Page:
Edit: I'm reading tauristercus's thread on the primes and am informed that one is not considered to be a prime because mathematicians decided that primes must be evenly divisible, uniquely, by both themselves and one. One, surely the cleverest number in the whole number system, flouts that rule by leaving out one step. On that ground, and that ground alone (until I am informed otherwise), it is not considered to be a prime.

Number 1 used to be considered prime, until the Fundamental Theorem of Arithmetic came into very, very rigorous scrutiny. Then, an adjustment in definition was made regarding the primes: If you give a mathematician numbers from 1 to 100 and ask him to pick up only those numbers which have only two factors p and q, where p is a smaller number then q, then the number cruncher picks all primes from 1 to 100 including 2 but excluding 1.

tauristercus, why don't you include numbers 2 and 3 as primes in your first diagram? I read that far and came to a screeching halt.

LOL. Not all odd numbers are primes, as not all folks who talk about primes are mathematicians.

[edit on 9/30/2009 by stander]

posted on Sep, 30 2009 @ 04:07 PM
4, 6, 8, 10, ... are multiples of 2 and sometimes 3
6, 9, 12, 15,... are multiples of 3 and sometimes 2 and 5

Noting special about 2. Even and odd are just definitions.

If you include 1 as a prime number, it screws up the Fundamental Theorem of Arithmetic.

Why? 2 = 1 x 2 = 1 ^ 2 x 2 = 1 ^ 3 x 2 and so on.

1 is an identity.

posted on Sep, 30 2009 @ 04:13 PM

But here's the kicker. The only way they can do that is if one prime, two, does fifty percent of the work.

Here's a kicker: there is no "percentages" of the numbers of multiplies of some integers. All are countable, i.e. they are of equal number of numbers in sets. Infinities are weird.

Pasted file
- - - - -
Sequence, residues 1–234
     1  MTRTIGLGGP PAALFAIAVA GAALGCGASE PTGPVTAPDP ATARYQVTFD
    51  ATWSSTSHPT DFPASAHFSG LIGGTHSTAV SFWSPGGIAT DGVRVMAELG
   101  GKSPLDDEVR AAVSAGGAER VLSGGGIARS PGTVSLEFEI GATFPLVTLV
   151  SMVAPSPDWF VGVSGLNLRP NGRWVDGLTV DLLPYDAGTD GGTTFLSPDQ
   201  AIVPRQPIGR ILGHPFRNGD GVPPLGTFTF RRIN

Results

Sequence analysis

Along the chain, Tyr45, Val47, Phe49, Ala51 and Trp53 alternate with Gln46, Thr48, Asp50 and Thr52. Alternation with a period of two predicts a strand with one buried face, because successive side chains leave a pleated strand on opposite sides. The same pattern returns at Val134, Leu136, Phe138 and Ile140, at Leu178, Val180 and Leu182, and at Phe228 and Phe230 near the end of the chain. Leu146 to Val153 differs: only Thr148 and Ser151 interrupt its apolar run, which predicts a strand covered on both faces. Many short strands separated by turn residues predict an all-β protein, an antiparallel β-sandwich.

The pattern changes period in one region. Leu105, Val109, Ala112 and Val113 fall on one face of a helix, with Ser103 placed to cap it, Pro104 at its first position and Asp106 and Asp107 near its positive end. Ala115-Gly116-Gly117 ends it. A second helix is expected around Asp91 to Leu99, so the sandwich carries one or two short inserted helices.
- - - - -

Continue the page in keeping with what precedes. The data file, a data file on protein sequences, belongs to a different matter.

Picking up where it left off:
posted on Sep, 30 2009 @ 05:39 PM

Originally posted by Deaf Alien
Here's a kicker: there is no "percentages" of the numbers of multiplies of some integers. All are countable, i.e. they are of equal number of numbers in sets. Infinities are weird.

Are you saying because you can take each of those, put them in a set (say of multiples of primes, 3, 2, etc.) and number them in correspondence with the natural integers, 1, 2, 3, etc. That is a particular type of infinity called "countably infinite". Those sets have cardinality Aleph-0.

ps: 1-2, 2-3, 3-5, 4-7, 5-11...
x3: 1-3, 2-6, 3-9, 4-12, 5-15...
x2: 1-2, 2-4, 3-6, 4-8, 5-10...
etc, etc, etc...

(I'll just go back to hocking metaphysical loogies
)

posted on Sep, 30 2009 @ 06:24 PM
reply to post by Deaf Alien

Mathematics might be a pseudo science or maybe an art form.

People change the rules and add new mathematical conceptions to enable them to reach satisfactory solutions to different sorts of problems. Even whimsical names for mathematical conceptions start appearing a la the "charming" and "cute" quarks of physics, "imaginary" numbers for example.